Critical Commentary: Hundreds of Buddhists in Myanmar protest Organization of Islamic Cooperation’s upcoming visit

Posted on November 19, 2013 by

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There have been numerous incidents of violence in Myanmar in the past year due to conflicts between Muslim and Buddhist peoples.  An article called Hundreds of Buddhists in Myanmar protest Organization of Islamic Cooperation’s upcoming visit, written by Niniek Karmini explains a specific incident.  The purpose of this article is to explain the protests against the Organization of Islamic Cooperation by Buddhists and to give a mostly unbiased view of the situation.

In the largest city in Myanmar, Yangon, Buddhists protest the visitation of a group of representatives from various Islamic countries.  While this article was written on November 12, 2013, the delegates were going to arrive on November 13th.   These representatives were coming to discuss with government officials the problems that have risen because of the persecution of what is predominantly Muslims.  The article states that “More than 240 people have died and 240,000 others have been forced to flee their homes” as a result of this violence (Karmini).   The arguments made by Buddhists are that the international humanitarian organizations that work in Myanmar are biased towards the Rohingya Muslims and therefore should not be involved in their internal political affairs.   Even though the organizations have denied the bias, they have still been forced to shut down in certain areas for a time due to treats.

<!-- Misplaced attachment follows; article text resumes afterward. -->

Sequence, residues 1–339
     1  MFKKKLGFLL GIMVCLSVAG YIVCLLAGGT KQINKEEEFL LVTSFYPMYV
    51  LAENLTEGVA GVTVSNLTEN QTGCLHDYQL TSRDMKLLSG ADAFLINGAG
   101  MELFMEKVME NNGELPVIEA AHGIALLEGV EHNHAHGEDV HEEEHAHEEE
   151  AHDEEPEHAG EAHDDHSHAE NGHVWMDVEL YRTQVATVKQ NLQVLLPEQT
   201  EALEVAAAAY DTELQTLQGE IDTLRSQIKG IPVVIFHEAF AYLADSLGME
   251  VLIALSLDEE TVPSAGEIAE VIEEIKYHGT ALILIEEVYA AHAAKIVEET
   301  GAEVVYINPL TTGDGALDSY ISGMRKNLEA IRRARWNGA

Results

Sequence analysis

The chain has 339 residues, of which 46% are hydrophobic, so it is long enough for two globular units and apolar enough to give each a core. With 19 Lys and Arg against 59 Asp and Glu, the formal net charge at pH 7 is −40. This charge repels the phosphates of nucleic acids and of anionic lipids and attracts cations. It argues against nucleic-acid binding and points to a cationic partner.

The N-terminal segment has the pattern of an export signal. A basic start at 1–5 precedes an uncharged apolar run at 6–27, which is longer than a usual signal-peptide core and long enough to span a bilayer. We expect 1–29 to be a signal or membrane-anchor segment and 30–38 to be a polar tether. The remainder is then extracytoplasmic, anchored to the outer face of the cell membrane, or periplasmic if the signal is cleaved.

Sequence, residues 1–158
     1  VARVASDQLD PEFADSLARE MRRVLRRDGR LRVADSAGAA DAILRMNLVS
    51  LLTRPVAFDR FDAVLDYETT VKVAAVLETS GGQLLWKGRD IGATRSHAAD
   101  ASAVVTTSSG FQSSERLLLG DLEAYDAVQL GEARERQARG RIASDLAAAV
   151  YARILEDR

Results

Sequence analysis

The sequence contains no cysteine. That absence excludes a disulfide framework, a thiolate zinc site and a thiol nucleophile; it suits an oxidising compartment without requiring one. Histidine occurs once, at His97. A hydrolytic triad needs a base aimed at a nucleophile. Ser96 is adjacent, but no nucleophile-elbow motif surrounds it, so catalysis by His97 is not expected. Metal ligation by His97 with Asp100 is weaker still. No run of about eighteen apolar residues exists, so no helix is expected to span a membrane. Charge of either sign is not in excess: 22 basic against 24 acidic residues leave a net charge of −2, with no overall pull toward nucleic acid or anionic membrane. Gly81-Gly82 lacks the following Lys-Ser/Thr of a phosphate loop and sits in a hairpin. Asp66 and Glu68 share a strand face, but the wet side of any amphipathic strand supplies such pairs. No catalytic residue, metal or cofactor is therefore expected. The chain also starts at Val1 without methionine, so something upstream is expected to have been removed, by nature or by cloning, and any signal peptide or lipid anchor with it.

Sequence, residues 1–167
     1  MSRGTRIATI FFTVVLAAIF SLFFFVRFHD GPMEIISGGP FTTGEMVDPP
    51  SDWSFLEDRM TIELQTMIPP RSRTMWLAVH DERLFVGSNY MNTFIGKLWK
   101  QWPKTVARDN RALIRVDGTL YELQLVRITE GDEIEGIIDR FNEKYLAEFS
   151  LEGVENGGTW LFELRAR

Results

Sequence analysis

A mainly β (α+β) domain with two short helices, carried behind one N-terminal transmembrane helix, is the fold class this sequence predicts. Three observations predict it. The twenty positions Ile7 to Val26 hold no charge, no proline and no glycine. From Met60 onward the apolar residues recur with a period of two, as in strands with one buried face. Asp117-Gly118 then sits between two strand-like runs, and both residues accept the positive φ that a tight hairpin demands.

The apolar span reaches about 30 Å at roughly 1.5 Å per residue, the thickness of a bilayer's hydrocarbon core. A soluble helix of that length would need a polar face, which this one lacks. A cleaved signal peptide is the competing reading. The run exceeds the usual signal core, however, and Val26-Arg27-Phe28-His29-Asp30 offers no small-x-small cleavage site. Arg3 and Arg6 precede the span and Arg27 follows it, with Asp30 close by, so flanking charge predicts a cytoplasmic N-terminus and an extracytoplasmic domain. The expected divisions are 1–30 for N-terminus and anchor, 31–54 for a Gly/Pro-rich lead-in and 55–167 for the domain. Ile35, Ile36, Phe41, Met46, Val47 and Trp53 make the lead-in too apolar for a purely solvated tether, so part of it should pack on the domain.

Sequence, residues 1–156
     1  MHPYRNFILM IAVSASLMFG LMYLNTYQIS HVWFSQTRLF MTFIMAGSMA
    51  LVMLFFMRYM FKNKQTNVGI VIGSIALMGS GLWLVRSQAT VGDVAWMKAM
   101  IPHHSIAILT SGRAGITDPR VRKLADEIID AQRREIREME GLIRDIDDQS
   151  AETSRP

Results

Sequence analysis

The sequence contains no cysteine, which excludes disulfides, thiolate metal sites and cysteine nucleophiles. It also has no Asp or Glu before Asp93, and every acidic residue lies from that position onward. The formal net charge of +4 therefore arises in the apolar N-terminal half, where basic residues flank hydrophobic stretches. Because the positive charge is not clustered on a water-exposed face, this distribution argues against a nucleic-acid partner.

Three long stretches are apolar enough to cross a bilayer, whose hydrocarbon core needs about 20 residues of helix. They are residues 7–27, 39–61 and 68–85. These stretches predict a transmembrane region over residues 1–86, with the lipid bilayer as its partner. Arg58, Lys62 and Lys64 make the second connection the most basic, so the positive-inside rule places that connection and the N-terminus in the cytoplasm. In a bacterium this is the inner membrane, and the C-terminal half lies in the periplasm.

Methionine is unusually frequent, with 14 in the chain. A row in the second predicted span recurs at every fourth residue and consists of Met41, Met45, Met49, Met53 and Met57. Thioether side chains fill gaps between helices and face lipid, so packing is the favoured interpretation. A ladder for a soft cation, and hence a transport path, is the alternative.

This article was written by a journalist from The Associated Press, which, along with the New York Times shows that this article is a reliable source.  It was written very professionally, without a large bias towards a specific side of the issue.  The article analyzed the opinions on both sides, the urge for assistance and support shown by the Organization of Islamic Cooperation, and the protectiveness of the Buddhists in the community.  The article does include statistics and facts that are negative towards the Buddhists, but to show equal support of them they include quotes from Buddhist representatives in order for them to give firsthand justification of their actions.  The key is that the author, Niniek Karmini did include quite a few facts so that the reader can understand the context of the situation even if they were not previously familiar with it.  The bias that comes into play in this article is because of the layout of the article. It begins by explaining the situation with a more negative aspect towards the Buddhists.  Because of this the natural bias of the reader is to support the persecuted Muslims.  It is only later in the article that any credit is given to the Buddhists.  The photos used in the article aren’t negative, but the Buddhists shown in the picture look quite angry, which is not a fully positive view because the protest isn’t calm but instead is angry and passionate.  It makes them seem (and the article coincides) very unsympathetic to the struggles of the Muslims, and the purpose of the visitation of the Organization of Islamic Cooperation.  Another form of bias shown is the language used.  Bloodshed and victims are both very emotional words, and they are used to describe the Muslim people and what they experienced.

Source:

Karmini, Niniek. “Hundreds of Buddhists in Myanmar protest Organization of Islamic Cooperation’s upcoming visit.” The    Washington         Post, Novem 12, 2013. http://www.washingtonpost.com/world/asia_pacific/hundreds-of-buddhists-in-myanmar-protest-                           organization-     of-islamic-cooperations-upcoming-visit/2013/11/12/f483ccc4-4b7f-11e3-bf60-c1ca136ae14a_story.html                       (accessed November 18, 2013).

 

 

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Posted in: Buddhism, Islam